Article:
When it comes to criminal defense, there are many options a client has, many ways the case can be handled. There may be more defenses available than a client was aware of and each one is important to consider when defending in a criminal case, from a misdemeanor to a felony.
Some of the possibilities include:
The Alibi Defense
This defense can be used when there is evidence that the defendant was somewhere else at the time of the crime and therefore could not possibly have committed it.
If a prosecutor cannot prove a person’s guilt beyond reasonable doubt, meaning the jurors are to resolve all reasonable doubts as to the person’s guilt in favor of the defendant, then the criminal defense attorney can successfully argue that reasonable doubt still exists and the defendant may be allowed to go free.
Presumption of Innocence
In all arrests in the United States, defendants are “innocent until proven guilty.” You’ll recognize this phrase from the Miranda Rights. This presumption must be held until the person is proven guilty, either by admission to the committing of the crime or by conviction in a court of law. The prosecutor must prove the person’s guilt beyond reasonable doubt and it is the criminal defense attorney’s job to defend against these claims.
This is the most common defense plea in cases of violent acts. Here, the defendant admits to the act and presents the defense that it was justified by another person’s threats or actions and was done in order to protect themselves from an immediate danger. The person does not have to wait until they are attacked to react in self-defense but the act cannot use more than a reasonable force to stop an attack.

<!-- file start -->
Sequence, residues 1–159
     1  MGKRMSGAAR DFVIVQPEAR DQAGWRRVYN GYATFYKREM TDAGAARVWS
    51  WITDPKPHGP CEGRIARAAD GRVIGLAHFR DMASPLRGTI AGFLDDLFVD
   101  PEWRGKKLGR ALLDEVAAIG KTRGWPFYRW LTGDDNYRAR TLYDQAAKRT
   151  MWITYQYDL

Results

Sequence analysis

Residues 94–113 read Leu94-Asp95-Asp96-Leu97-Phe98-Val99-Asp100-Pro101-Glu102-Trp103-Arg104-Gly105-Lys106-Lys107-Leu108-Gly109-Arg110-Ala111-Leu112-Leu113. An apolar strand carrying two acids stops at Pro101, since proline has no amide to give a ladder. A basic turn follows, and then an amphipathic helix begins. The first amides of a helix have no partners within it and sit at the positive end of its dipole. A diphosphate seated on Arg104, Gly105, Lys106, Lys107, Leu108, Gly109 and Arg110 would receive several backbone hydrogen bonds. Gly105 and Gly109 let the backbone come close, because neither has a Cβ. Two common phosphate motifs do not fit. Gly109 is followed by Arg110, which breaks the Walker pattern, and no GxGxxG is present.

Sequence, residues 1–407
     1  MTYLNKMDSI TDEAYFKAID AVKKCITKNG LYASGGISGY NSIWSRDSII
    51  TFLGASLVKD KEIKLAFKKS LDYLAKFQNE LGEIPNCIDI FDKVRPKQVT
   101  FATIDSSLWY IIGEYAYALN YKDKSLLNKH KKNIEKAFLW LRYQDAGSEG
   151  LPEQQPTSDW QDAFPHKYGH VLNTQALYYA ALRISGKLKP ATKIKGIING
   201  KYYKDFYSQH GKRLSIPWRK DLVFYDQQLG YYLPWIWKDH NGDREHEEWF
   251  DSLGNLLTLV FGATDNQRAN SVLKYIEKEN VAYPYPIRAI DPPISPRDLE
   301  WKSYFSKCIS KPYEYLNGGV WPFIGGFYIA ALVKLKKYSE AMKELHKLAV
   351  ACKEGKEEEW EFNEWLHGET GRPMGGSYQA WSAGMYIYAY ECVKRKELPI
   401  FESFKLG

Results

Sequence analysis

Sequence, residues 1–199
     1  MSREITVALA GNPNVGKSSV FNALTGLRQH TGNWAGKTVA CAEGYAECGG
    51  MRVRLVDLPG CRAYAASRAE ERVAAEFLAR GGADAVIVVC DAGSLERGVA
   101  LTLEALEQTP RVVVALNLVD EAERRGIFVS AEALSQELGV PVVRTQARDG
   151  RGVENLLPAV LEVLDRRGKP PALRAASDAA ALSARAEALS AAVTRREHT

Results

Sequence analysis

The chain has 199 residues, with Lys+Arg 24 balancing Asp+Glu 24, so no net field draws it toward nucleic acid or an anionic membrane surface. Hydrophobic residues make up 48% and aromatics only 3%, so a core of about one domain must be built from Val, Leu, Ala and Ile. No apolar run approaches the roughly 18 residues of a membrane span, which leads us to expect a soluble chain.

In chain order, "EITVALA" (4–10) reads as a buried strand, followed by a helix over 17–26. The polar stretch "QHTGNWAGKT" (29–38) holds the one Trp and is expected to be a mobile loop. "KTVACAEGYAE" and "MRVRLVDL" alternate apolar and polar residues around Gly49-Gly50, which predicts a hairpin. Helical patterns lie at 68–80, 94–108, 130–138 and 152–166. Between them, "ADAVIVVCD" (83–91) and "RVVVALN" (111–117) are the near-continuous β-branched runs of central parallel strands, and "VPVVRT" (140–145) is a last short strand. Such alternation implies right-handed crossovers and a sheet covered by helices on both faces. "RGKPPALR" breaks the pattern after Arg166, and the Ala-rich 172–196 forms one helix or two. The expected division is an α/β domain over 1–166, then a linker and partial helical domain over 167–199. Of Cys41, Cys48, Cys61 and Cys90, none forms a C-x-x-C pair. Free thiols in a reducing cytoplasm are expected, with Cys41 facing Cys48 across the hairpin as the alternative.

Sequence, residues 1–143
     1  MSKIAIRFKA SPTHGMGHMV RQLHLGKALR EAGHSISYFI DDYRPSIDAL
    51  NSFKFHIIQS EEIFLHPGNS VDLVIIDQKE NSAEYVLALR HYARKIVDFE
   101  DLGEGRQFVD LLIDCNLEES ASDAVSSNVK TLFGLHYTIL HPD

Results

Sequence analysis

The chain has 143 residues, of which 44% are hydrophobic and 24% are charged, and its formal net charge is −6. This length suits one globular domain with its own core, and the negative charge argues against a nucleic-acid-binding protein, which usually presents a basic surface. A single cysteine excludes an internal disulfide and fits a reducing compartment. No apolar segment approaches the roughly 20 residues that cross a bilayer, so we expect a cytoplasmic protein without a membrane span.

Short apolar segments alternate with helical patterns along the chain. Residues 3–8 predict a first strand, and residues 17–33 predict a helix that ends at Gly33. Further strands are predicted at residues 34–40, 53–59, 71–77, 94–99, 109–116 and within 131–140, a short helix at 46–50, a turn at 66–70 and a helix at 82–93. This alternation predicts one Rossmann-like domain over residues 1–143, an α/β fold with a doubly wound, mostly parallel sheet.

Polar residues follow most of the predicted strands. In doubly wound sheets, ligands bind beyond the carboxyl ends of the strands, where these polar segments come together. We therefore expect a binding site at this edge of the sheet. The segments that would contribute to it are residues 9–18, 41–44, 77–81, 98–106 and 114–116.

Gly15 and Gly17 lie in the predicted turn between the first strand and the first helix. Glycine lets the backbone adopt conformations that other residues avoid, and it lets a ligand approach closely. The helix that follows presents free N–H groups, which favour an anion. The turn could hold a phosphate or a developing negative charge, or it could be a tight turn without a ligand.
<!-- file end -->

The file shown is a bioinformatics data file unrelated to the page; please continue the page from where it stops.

This should be a last resort defense as a defendant entering an insanity plea typically is made to undergo psychological testing that can be embarrassing and detrimental. Defendants entering this plea do not typically go free upon acceptance by the court; rather the majority are committed to a psychiatric facility until their sanity can be proven.
This defense is difficult for a repeat offender of the same type of crime. It can be entered when the government coerces a person to commit a crime then attempts to punish the person for committing it. If the defendant is determined by the jury to have been predispositioned to such a crime, this plea can fail.
Under the Influence
While voluntary intoxication does not create an excuse for the committing of a crime, this defense can move the court to convict a person of a much lesser crime than originally charged due to the defendant being unable to formulate a specific intent under the influence of drugs or alcohol.
In all cases, it will take an in-depth consultation with an experienced criminal defense attorney to analyze your case, educate you on what options are available for your defense and properly represent you in the matter. When your life and future are on the line, don’t take your defense into your own hands. Joel Fry, Attorney at Law can provide the help you need to get your life back and your name clear. Call my Durango, CO office today for a consultation and learn how I can assist you.